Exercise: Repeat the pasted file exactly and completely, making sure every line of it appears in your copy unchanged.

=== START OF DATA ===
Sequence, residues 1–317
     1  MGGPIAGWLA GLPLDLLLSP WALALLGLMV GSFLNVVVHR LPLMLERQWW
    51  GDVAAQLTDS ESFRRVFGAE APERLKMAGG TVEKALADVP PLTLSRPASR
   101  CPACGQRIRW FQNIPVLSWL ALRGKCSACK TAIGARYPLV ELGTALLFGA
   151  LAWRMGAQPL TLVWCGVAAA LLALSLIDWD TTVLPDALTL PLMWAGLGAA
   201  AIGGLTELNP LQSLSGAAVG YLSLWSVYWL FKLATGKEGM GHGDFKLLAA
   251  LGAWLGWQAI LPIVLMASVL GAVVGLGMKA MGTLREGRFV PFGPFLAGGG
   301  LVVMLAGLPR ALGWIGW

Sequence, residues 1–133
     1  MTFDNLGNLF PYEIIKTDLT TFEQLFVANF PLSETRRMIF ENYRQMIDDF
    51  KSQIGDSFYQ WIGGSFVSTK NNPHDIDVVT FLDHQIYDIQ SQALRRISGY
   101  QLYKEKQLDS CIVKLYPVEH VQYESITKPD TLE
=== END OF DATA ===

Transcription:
Sequence, residues 1–317
     1  MGGPIAGWLA GLPLDLLLSP WALALLGLMV GSFLNVVVHR LPLMLERQWW
    51  GDVAAQLTDS ESFRRVFGAE APERLKMAGG TVEKALADVP PLTLSRPASR
   101  CPACGQRIRW FQNIPVLSWL ALRGKCSACK TAIGARYPLV ELGTALLFGA
   151  LAWRMGAQPL TLVWCGVAAA LLALSLIDWD TTVLPDALTL PLMWAGLGAA
   201  AIGGLTELNP LQSLSGAAVG YLSLWSVYWL FKLATGKEGM GHGDFKLLAA
   251  LGAWLGWQAI LPIVLMASVL GAVVGLGMKA MGTLREGRFV PFGPFLAGGG
   301  LVVMLAGLPR ALGWIGW

Sequence, residues 1–133
     1  MTFDNLGNLF PYEIIKTDLT TFEQLFVANF PLSETRRMIF ENYRQMIDDF
    51  KSQIGDSFYQ WIGGSFVSTK NNPHDIDVVT FLDHQIYDIQ SQALRRISGY
   101  QLYKEKQLDS CIVKLYPVEH VQYESITKPD TLE